The Versatile Nature of Public Relations: Music & Entertainment PR

PR is in no way too specific- it does not cover a specific industry, career path, or job. PR can be communications, it can be campaigning and advertising, it can be marketing. And guess who needs public relations/ communications/ and marketing? Every company and organization ever.

If you know what your passion is, a career in PR can be molded into whatever you want. As a music enthusiast, PR has become a way in which I can connect my career to my passion and interests.

Getting your foot in the music and entertainment industry may seem daunting- too much competition, requires networking and guts. However, the music industry is no longer only about publicity, but is also very much about public relations. New album releases need media kits and strategic communications plans too. Promoting a new album is essential for an artist’s survival, and PR people are here to do that. PR is necessary to promote everything from national and international tours, album and single releases, video releases, to live performances on TV and the media.

In 2005, the Country Music Association decided to move its awards show out of Nashville for the first time ever: the show would be in New York City. The CMA team was bringing country music to the urban environment, and they needed to make it work. In order to make this happen, the preparations started very early on and went on for months- every major street in NYC had a billboard, a display ad about the CMA Awards, every radio show was talking about the CMA Awards moving to NYC, multiple relevant events were live and broadcasted, and everybody in New York and all over the nation heard about it. The slogan, “Country Takes New York” became very familiar to the ear. In the end, the awards show was a huge success- thanks to the public relations efforts of the Country Music Association.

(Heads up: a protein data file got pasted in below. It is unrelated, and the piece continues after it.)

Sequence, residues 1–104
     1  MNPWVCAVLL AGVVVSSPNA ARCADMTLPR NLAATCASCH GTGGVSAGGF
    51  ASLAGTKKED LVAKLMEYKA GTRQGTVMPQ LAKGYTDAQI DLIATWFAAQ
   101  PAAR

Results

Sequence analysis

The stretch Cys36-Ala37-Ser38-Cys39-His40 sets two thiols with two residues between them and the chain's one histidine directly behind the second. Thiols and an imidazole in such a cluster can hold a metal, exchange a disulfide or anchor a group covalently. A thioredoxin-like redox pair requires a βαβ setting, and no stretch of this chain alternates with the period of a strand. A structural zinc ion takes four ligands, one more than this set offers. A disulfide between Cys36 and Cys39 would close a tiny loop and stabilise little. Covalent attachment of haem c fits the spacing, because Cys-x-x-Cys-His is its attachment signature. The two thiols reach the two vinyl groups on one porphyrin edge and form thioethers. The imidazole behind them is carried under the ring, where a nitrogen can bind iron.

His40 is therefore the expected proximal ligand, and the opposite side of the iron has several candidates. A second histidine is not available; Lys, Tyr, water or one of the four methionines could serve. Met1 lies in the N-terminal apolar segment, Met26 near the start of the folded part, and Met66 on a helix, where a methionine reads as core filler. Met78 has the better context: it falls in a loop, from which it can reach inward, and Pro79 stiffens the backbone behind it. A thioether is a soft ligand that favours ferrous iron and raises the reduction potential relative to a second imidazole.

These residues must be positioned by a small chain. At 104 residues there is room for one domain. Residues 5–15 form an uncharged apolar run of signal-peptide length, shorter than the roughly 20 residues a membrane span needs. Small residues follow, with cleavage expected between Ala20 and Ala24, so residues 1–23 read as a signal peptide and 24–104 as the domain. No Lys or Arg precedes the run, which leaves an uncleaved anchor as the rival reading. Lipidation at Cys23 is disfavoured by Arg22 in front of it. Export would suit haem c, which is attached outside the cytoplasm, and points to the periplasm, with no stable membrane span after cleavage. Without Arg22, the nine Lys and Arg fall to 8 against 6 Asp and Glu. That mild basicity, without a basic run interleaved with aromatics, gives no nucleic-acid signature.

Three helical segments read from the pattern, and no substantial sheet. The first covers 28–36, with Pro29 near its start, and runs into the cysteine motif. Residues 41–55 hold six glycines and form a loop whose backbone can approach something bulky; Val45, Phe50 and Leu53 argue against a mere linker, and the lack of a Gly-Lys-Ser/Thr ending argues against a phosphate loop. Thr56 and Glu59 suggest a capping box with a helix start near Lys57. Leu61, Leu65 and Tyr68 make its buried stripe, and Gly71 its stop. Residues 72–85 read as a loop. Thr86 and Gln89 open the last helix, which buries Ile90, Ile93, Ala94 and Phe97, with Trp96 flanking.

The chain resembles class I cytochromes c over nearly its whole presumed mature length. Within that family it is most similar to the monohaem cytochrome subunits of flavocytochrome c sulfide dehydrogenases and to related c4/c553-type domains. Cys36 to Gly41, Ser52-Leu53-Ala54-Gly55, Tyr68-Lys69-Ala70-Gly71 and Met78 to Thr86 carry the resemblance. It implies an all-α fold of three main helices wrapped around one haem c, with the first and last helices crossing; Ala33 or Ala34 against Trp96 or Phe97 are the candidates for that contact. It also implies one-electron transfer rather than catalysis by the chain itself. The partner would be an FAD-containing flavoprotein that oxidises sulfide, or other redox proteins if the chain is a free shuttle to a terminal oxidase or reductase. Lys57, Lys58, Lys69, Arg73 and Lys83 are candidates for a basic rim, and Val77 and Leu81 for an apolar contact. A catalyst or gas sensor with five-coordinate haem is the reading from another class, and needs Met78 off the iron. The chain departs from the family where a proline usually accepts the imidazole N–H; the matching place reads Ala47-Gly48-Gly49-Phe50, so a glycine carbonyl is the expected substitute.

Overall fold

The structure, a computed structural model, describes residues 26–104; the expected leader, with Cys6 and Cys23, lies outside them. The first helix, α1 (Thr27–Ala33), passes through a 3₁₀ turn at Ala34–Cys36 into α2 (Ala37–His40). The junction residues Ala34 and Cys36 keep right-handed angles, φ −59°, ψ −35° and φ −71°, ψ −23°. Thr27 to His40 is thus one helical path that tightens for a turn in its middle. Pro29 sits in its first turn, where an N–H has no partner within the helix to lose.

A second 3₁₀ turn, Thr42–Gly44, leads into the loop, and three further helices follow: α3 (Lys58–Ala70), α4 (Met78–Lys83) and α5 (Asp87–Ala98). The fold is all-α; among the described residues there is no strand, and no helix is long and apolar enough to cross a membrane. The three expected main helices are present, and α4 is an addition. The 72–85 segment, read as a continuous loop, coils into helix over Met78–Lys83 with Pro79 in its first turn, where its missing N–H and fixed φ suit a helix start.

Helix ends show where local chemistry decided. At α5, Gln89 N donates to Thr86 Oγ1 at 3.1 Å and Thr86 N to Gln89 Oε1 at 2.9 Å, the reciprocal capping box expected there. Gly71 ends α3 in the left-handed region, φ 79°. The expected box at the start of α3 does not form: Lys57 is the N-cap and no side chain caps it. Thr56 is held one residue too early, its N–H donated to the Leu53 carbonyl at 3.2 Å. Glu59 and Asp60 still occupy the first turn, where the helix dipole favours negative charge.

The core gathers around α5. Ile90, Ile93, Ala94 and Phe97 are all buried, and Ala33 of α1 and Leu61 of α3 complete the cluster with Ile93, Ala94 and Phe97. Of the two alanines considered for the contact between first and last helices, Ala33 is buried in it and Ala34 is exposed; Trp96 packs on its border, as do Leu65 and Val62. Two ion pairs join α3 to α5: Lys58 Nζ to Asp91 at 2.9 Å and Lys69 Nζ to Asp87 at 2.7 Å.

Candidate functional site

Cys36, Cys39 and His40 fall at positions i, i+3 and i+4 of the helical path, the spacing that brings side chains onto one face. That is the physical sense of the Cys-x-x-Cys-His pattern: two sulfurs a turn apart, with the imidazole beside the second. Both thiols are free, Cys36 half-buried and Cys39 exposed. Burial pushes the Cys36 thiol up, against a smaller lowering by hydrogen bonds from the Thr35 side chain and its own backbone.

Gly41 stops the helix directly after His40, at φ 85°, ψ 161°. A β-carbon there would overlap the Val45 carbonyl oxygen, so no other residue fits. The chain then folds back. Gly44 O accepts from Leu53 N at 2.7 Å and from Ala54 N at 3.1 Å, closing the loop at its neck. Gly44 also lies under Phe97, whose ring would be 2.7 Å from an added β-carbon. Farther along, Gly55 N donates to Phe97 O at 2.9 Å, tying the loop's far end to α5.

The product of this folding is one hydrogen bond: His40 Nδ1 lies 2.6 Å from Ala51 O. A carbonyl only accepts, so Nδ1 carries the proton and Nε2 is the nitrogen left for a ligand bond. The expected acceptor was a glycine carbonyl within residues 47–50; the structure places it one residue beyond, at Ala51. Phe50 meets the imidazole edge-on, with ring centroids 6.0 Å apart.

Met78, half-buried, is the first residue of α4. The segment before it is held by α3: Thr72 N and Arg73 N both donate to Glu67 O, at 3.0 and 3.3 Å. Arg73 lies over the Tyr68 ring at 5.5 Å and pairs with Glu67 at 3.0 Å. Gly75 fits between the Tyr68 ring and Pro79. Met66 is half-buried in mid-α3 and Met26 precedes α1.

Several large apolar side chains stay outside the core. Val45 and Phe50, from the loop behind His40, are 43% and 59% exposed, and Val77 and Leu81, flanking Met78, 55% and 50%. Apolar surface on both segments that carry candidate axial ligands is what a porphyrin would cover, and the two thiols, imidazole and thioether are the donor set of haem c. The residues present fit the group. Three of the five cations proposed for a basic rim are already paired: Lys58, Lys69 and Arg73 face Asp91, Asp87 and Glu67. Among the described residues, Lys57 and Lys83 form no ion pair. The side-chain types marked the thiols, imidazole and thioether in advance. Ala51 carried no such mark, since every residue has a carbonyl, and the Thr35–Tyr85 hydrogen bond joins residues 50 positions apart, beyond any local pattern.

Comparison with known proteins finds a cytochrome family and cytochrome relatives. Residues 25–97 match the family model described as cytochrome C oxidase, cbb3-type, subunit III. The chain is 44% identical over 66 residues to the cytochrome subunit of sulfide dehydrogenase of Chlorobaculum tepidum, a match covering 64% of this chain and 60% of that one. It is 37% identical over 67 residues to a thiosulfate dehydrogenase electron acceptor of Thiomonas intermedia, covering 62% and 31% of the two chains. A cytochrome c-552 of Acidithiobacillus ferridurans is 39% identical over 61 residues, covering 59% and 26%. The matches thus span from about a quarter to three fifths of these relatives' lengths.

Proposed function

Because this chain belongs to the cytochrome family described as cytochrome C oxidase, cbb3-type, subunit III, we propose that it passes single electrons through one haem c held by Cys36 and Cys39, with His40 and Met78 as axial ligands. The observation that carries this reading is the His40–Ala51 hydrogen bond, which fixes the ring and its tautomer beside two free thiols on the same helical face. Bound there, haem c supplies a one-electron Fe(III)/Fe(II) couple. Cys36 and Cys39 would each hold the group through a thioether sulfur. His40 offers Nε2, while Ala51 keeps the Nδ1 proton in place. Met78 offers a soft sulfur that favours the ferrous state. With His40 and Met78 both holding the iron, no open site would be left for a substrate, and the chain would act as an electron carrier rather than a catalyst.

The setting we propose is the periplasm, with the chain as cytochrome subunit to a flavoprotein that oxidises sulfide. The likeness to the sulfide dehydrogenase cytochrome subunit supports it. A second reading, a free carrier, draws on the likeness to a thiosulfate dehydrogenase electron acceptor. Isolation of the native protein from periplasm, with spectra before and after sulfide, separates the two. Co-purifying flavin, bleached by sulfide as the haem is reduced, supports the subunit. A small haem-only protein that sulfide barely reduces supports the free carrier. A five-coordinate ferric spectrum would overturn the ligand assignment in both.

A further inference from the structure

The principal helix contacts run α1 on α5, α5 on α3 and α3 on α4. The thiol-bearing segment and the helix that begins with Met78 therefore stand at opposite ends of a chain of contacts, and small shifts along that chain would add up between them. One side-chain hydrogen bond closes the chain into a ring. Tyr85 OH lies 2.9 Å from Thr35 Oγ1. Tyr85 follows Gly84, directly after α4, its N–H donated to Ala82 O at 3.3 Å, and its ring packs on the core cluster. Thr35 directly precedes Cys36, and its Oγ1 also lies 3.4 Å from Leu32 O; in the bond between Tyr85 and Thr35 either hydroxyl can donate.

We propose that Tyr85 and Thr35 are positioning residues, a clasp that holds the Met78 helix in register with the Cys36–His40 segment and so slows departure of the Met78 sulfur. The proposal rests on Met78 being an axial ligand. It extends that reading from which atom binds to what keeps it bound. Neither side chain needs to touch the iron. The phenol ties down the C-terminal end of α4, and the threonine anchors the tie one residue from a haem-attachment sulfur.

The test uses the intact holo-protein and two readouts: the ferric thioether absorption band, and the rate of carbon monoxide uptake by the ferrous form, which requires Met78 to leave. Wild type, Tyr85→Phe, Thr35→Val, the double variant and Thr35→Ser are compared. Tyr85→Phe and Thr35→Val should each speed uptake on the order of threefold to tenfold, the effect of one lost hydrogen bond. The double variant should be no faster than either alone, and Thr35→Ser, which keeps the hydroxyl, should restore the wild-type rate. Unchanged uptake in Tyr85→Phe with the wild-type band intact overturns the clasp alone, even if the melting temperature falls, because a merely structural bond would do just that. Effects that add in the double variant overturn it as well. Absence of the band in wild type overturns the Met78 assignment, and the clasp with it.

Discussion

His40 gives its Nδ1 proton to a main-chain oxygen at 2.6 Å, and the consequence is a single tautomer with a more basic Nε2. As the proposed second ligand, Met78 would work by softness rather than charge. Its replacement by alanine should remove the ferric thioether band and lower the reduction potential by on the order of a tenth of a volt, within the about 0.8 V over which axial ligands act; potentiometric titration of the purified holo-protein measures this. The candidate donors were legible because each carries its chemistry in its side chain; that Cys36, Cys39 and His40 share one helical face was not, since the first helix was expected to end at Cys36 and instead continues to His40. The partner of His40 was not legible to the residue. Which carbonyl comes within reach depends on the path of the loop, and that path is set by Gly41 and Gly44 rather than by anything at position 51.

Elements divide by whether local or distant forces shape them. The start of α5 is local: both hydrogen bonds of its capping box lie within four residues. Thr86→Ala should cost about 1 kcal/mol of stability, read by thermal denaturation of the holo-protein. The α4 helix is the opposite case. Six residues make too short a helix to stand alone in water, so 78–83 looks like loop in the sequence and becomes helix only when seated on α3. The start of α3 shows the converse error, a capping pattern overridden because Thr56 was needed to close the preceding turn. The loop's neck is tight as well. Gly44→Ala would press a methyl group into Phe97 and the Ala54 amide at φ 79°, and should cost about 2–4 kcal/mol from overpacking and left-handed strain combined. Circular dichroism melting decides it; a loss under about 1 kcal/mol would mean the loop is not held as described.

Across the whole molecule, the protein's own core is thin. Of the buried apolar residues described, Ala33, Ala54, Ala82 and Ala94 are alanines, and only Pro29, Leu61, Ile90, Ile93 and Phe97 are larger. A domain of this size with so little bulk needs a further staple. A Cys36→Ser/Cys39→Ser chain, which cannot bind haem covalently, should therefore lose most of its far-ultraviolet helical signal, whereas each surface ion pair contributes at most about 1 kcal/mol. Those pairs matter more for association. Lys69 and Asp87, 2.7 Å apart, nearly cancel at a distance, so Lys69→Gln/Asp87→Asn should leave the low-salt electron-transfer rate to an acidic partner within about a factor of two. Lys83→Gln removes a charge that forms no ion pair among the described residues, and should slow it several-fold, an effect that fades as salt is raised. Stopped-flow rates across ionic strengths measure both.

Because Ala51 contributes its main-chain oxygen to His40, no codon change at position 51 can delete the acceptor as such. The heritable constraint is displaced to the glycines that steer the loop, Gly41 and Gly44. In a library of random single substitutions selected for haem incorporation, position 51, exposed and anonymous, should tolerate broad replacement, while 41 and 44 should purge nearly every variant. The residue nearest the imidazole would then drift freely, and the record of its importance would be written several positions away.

The most relevant article I’ve ever came across on music public relations is written by Gracie Lavigne, on the PR Newswire website (link below.) Lavigne gives great advice for prospective music PR professionals. In her article, she stresses the importance of networking, finding “someone who knows someone in music” as Lavigne puts it neatly. She also cannot stress enough the importance of getting to know the entertainment and music industry through following relevant blogs, publications and magazines. The challenges she lists are how music is much more than just a brand- music is the artistic creation of a particular person or group, whereas a product of a brand is just material. The artist is passionately connected to his or her product of art, and this makes music PR much more sensitive to what the artist wants and needs.

If you are interested in music and entertainment PR, start getting to know the industry right now! As a first step, I strongly recommend you to read Gracie Lavigne’s article “Take a Tour of the Music PR Industry.”


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